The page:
Notes from Windward: #64

Wood Chipper Report

generating a uniform feed stock from forest waste

     For years, we've been gathering up forest waste and burning it. Since we live in the forest, we have to be prepared for fire, and the best way to do that is to remove the accumulation of dead limbs and trees that litter the woods. When a fire comes through, that's the stuff that burns with enough heat to kill the live trees. Remove it and the fire doesn't have enough fuel to do more than clear the brush.

     Every spring and fall, we've invested time and effort clearing more of our forest steadily pushing the fire danger ever farther back from our buildings. Instead of just piling up brush and burning it, we can now turn a liability into an asset - i.e. wood chips.

     To do the job right we knew we'd need a powerful chipper, but rather than go with a self-powered unit, we elected to go with one that could be driven by the tractor's "PTO" (stands for Power-Take-Off) drive. The PTO is a shaft that comes out the back end of the tractor and is used to power equipment being pulled by the tractor, equipment such as a baler or power rake. One supplier for this type of chipper is KPX Tractor Systems out of Gilbert, AZ.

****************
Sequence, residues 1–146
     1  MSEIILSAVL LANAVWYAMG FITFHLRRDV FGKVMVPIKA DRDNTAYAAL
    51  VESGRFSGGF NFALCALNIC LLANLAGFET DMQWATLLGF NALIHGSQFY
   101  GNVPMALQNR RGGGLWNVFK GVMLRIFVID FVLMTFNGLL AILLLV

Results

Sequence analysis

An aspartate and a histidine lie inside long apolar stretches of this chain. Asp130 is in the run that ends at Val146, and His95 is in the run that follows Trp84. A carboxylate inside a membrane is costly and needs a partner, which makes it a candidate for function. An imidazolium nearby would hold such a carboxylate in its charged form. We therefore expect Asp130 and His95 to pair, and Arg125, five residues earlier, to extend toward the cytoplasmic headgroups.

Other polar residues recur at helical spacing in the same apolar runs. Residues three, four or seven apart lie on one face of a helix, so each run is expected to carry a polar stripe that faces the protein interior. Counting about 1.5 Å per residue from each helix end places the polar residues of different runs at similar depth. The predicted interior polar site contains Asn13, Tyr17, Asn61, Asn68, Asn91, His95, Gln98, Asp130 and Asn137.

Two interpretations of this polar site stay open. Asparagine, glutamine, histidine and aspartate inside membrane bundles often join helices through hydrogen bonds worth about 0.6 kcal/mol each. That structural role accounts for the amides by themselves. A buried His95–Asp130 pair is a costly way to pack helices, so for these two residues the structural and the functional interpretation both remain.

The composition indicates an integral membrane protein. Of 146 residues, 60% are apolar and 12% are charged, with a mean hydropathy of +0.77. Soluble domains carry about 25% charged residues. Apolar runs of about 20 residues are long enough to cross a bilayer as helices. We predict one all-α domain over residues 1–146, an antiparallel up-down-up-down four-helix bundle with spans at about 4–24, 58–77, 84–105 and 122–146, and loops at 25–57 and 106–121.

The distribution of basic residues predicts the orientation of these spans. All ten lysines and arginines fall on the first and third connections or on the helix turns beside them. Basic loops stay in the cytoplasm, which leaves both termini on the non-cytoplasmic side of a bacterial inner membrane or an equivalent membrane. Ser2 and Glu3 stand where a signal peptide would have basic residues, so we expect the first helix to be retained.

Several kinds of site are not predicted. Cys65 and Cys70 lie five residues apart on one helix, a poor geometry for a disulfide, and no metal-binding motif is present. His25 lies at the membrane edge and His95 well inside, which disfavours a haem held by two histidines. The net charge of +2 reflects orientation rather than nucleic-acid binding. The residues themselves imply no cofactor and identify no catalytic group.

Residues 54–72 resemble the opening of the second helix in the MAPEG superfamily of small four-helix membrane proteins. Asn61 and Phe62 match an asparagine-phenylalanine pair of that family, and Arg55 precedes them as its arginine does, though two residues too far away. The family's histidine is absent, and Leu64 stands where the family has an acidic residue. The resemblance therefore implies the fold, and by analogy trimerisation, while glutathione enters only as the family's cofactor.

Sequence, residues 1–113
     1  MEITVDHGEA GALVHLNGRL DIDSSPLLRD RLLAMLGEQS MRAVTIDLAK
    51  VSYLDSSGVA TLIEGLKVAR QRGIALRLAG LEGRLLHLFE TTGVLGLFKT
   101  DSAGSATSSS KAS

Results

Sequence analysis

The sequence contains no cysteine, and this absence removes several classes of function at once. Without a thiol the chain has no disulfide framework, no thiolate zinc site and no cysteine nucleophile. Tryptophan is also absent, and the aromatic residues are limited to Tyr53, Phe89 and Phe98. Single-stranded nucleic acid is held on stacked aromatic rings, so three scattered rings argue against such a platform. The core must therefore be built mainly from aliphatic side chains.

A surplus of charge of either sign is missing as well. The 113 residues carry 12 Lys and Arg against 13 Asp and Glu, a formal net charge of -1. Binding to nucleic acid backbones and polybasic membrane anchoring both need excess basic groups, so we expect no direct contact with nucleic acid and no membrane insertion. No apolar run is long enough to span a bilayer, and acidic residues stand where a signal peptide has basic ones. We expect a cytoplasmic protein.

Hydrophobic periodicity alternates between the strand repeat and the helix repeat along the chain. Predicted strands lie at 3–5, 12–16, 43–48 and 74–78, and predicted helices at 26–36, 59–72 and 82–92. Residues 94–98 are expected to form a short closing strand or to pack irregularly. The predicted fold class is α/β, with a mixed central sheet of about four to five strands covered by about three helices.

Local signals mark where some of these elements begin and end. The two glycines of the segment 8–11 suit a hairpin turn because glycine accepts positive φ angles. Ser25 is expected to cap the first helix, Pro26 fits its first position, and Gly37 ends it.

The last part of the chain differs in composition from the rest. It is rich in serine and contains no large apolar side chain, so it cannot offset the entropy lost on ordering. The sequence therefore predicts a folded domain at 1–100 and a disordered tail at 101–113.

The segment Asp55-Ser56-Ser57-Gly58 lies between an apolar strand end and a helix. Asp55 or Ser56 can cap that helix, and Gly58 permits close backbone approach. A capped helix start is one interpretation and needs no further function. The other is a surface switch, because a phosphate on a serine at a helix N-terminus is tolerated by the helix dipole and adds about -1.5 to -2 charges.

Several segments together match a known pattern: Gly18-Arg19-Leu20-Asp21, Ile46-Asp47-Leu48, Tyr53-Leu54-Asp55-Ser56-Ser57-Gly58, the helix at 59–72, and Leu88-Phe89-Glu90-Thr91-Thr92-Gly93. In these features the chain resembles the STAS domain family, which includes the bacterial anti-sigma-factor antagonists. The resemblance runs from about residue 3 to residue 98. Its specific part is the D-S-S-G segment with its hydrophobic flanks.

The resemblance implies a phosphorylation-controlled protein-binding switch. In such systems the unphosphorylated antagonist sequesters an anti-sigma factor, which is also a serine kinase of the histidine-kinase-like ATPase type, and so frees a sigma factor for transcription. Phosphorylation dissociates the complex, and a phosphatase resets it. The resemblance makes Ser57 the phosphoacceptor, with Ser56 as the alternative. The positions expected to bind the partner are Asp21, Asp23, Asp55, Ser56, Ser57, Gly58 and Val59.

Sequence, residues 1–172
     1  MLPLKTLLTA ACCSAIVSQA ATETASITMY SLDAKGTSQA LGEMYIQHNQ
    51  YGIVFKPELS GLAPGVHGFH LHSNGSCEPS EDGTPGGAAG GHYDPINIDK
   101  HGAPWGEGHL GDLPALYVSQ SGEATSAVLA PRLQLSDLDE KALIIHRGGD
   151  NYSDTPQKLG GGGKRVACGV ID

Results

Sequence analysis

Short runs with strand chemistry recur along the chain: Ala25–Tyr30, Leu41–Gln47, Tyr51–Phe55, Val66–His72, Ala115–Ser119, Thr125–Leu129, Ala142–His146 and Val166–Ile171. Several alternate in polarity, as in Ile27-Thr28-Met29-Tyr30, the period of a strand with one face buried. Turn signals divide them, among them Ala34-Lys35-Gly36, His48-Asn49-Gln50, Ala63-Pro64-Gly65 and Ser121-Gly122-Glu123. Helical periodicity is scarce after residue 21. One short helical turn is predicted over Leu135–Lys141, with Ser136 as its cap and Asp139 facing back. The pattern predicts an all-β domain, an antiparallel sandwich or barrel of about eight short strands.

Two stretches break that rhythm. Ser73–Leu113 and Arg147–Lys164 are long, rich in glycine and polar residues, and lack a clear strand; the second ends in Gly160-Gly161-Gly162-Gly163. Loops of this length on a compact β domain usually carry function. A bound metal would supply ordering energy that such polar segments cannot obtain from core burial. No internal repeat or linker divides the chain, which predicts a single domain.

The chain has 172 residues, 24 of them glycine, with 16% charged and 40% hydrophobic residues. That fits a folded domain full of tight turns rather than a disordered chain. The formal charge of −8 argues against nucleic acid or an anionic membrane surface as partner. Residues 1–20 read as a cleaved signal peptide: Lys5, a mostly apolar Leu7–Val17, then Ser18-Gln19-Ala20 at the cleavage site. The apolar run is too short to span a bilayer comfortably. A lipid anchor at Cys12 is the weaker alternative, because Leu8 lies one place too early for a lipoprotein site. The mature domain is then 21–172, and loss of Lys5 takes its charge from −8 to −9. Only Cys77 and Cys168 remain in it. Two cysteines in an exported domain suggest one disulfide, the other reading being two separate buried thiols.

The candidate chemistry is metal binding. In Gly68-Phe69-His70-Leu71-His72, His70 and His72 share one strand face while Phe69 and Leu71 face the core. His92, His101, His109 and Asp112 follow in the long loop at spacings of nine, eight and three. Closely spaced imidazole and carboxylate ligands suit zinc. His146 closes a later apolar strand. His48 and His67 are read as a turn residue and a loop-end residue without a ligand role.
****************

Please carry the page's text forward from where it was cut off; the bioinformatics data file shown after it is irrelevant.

By the time we got it home and assembled, we barely got to chip anything before snow settled in for the winter. Fast-forwarding five months, a spring windstorm brought down a dead pine, and in the process of cleaning that up we finally got a chance to try out the chipper generating three 55 gallon drums of chips.

a barrel of chips

      The feed belt needed tightening (the manual was less than comprehensive) and the V-belt died before we noticed the problem, but once that was replaced, the feed mechanism worked fine.

     The upshot is that we're very happy with this piece of gear and can now continue to clear forest whenever it's convenient, instead of having to wait for conditions that make it safe to burn. Also, since Windward can get real dusty during its dry season, the wood chips are handy for spreading on the ground to keep the dust down.

     Now that we've got a way to convert forest waste into a uniform fuel, the next step will be to create a sort of over-grown pellet stove that will burn the waste to power our steam generator.

Notes From Windward - Index - Vol. 64